Folio · 2017

The Best Ever Christmas Disappointment

Jaimy Tuttle

As a 16 year old for Christmas, all I wanted was a gift card to the mall to buy what I knew would surely make me relatively cool at school. Those sweatpants with PINK written down the leg and the matching jacket would make the girls who had enough money for such things notice me; I was positive.

Instead, I got a DVD and slippers. I knew that it was all my mother could afford, after buying Christmas for our extended family and making sure we had gas and food. I had thanked her with a hug and a kiss then proceeded up to my room with guilty disappointment. But before I even made it halfway up the steps there was a hesitant knock on the front door. I turned around to find my mother already answering it with the biggest smile I had seen on her face in quite some time.

There was a gruff looking man I had never seen before at our doorstep. “Santa!”, my mother exclaimed, even though he looked nothing like the jolly saint.

“Merry Christmas”, he grumbled and stretched out his arm to plop what he was holding into my hands. I looked down. Crap, I thought. It was a puppy. A freaking puppy.

Remembering my manners, I grumbled back, “Thank you”, as my mother shut the door. Great. How am I supposed to take care of a puppy when I can’t even take care of myself, I thought. I hardly ever made it out of bed in the morning, my motivation crushing depression made me lucky if I showered, and my anxiety made it so that the minuscule amount classroom time I did put in was a waste anyways.

“Well, what do you think!”, the non-thinker exclaimed out of joy.

“Um, I don’t know”, was all I could muster in return. An empty feeling began to creep into my chest. I don’t even like animals, I thought to myself. Every pet I had ever owned had either ran away or died. My mother was in no way an animal person herself. The only time I had experienced having a dog was with my father, on his weekend visitations. The poor pup was stolen right out of our yard and I never forgave the world for it.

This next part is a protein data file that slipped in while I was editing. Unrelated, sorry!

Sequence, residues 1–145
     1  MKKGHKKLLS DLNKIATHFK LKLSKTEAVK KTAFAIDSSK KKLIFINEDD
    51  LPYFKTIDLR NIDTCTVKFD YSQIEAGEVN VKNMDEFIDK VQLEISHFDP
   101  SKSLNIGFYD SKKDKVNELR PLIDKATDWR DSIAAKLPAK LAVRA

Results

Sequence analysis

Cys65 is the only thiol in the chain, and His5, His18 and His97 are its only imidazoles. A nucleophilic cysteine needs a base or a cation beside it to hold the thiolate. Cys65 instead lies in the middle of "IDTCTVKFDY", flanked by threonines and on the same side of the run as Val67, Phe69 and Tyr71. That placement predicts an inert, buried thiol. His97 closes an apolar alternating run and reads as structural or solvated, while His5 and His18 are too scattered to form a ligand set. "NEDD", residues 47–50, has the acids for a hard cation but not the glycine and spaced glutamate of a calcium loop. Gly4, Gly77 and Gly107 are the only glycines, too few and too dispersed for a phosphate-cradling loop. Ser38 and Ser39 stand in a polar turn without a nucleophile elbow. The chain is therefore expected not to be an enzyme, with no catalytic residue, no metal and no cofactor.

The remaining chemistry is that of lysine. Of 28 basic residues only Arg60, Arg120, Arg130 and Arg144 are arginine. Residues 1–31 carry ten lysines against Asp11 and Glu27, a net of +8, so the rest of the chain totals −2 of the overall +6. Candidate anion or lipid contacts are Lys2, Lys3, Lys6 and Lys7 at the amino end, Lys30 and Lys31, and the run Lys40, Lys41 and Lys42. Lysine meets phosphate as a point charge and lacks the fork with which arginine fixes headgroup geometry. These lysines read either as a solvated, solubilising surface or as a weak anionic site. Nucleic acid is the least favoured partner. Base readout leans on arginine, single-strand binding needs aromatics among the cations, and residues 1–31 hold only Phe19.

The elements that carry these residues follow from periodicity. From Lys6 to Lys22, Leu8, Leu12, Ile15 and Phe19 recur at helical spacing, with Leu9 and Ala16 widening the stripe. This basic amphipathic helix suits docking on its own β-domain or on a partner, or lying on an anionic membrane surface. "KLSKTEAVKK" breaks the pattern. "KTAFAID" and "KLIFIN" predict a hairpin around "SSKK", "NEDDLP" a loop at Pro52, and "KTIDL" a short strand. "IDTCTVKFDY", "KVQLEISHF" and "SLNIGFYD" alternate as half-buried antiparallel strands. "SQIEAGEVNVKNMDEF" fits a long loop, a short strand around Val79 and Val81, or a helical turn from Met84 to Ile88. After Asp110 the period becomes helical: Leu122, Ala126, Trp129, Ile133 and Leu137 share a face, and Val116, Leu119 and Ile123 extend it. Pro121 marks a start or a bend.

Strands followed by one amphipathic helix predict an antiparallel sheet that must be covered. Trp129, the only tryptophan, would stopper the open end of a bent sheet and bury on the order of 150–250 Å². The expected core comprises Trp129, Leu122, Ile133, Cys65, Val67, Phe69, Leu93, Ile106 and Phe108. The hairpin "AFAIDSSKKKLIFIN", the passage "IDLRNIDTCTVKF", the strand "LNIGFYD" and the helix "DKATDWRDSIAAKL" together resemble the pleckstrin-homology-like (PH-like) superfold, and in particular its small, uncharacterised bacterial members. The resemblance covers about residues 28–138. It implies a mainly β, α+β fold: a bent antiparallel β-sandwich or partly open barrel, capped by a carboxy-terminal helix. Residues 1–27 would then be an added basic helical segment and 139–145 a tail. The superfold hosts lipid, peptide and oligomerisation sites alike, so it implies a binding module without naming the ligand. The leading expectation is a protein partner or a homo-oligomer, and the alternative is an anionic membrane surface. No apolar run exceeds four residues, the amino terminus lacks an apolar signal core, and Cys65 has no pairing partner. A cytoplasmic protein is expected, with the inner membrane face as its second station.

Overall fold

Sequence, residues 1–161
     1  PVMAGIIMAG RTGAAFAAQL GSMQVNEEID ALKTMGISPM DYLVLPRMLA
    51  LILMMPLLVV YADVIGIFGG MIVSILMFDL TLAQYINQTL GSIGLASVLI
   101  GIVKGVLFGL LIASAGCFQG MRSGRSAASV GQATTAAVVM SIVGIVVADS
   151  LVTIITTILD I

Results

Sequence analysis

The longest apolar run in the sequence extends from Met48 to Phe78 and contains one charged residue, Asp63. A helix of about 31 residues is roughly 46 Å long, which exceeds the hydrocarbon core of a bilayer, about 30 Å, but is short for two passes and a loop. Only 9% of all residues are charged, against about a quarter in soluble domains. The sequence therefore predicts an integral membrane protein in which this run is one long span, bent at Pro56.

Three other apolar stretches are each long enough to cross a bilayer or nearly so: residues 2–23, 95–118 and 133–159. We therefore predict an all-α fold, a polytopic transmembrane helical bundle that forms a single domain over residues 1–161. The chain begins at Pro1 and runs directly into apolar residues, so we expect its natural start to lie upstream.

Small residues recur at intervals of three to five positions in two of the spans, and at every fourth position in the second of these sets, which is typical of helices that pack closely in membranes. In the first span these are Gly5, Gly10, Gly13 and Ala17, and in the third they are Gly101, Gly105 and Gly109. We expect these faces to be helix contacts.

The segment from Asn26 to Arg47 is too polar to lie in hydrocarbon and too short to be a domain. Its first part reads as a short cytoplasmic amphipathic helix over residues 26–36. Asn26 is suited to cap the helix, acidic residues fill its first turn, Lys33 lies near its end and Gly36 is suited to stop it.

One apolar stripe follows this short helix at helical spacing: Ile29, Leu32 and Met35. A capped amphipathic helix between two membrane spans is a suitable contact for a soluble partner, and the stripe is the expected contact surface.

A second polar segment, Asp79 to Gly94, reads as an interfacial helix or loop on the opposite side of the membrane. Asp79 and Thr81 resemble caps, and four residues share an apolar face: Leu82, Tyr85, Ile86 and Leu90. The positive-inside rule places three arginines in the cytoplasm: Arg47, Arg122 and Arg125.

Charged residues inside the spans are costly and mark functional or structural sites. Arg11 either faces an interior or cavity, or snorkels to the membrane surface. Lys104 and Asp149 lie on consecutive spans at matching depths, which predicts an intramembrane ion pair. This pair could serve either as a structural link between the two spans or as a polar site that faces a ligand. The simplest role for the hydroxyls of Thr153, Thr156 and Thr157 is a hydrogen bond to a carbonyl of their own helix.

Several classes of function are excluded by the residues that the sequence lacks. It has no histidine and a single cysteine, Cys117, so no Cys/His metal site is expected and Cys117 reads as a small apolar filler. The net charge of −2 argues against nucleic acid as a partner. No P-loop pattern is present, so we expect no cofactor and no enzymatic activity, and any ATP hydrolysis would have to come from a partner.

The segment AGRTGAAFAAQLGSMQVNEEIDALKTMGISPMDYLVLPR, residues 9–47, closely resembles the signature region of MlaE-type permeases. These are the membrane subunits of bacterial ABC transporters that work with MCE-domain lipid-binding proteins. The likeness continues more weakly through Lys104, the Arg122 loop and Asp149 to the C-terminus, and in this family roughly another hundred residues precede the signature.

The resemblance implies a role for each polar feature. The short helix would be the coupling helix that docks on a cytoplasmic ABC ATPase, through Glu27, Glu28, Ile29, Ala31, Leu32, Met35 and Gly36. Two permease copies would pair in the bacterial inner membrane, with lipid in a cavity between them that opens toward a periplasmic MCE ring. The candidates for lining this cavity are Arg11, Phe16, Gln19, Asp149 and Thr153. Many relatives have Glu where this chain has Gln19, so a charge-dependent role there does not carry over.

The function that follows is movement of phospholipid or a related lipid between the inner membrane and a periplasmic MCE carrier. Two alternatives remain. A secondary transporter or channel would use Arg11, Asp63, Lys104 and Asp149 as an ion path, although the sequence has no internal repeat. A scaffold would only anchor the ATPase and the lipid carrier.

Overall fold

I simply couldn’t wrap my mind around it. A dog? A living, breathing, being? A puppy at that! Who needed to be trained, walked, fed, and loved daily. Shucks, I don’t even love myself, I thought.

I looked down at the shivering ball of fur in my arms with contempt. Those bright eyes crying for her master. I softened a bit. I know, me too, I spoke to her with my eyes, I don’t want this either.

I sat on the couch, puppy still in my arms. My mother then proceeded to pull out a large gift bag that she had hid behind the couch filled with all pink doggy everything.

“I know you wanted that gift card,” she explained, “but I knew you needed this, and when I saw a picture of her, I knew she was the one. You can name her whatever you want, honey. And if you truly don’t want her, we can give her back. Merry Christmas.” My icy heart melted a bit at that, I knew she had saved up for an age and had really thought about me with my best intentions in mind.

“Let’s call her Lucey until I make my final decision, that is”, I told both of them, looking down on the still shaking creature with doubt. My mother tried to mask her smile with seriousness as she agreed.

Folio · 2017